The Remaking of Akerman Road

19 January 2017

Written by: Communications Team

Better Lambeth - Focus on Stockwell - Housing and planning

The  Akerman Road development is the first new directly delivered scheme of Council homes build in 10 years – transforming old buildings into new.


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The Remaking of Akerman Road

Akerman Road, in North Lambeth’s Vassall Ward, is the first directly developed Council housing scheme to be built in Lambeth in 10 years. It’s not a grand scheme in terms of size  – nine new homes have been created – but it marks a big step. It’ s a sign of the Council getting back into building as well as working with partners in development.

Housing standards

The scheme includes two kinds of home. The three four-bedroom houses have been built into a Victorian terrace damaged by Second World War bombing 70 years ago. These three have been built to the Passivhaus standard. Passivhaus is a rigorous voluntary standard for energy efficiency in a building that means these homes will have very low heating costs and – over time – a minimal carbon footprint. They have also been built to ‘lifetime homes’ standards, meaning they can easily be adapted to people’s changing needs as they grow older, and they meet police ‘secured by design’ standards for crime prevention. The new homes are timber framed and finished in brick and render.

Blue plaque, new look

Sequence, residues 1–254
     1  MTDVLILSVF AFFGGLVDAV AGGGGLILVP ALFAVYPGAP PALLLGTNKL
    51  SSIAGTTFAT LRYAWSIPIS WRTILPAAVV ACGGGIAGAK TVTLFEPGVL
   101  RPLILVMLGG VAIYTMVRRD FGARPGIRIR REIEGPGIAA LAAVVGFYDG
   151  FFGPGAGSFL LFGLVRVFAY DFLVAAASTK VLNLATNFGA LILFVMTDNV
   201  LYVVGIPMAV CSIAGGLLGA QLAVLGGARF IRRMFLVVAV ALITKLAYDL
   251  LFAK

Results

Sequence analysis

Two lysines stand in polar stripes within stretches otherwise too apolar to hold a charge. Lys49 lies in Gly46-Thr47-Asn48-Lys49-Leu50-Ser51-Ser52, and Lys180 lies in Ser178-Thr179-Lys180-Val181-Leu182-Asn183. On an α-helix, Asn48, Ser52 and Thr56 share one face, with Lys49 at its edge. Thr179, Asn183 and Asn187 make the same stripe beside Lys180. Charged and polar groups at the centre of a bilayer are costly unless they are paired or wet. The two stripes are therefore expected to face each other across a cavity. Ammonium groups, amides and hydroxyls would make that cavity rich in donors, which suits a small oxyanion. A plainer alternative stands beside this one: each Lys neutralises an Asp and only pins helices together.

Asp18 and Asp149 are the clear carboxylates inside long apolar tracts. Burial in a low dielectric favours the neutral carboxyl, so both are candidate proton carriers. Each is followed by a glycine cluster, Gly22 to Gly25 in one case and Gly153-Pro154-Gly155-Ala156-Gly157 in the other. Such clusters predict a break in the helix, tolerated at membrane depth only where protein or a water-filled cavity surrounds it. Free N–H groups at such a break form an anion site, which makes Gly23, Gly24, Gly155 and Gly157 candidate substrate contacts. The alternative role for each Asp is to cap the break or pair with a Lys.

The six flats – two each of one-bed, two-bed and three-bed layouts – have been created within the listed building that is the old Akerman hostel. They replace the 11-bed-sit hostel without kitchens or bathrooms into flats with gardens. While not built to the Passivhaus standard (because they are retro-fitted), they are better insulated than most standard new build properties. The building keeps its blue plaque commemorating Dan Leno, one of biggest stars of Victorian music hall.

Keys to the door

We expect tenants to start moving in on the week of 23 January. These homes will all be let at council target rent levels and will be shown to residents affected by estate regeneration programmes to help them see the build quality set out for new homes on their estates.


The project was designed by Anne Thorne Architects and built by Sandwood Design and Build Ltd – part of the same team who worked on Boatemah Walk – the last wholly Council-developed new build homes over 10 years ago.

“The journey of this building is a great example of how we can use infill to develop new, high standard homes and restore a building back to life” says Lambeth Housing Development Manager Huw Jones.

See more details of the estate regeneration programme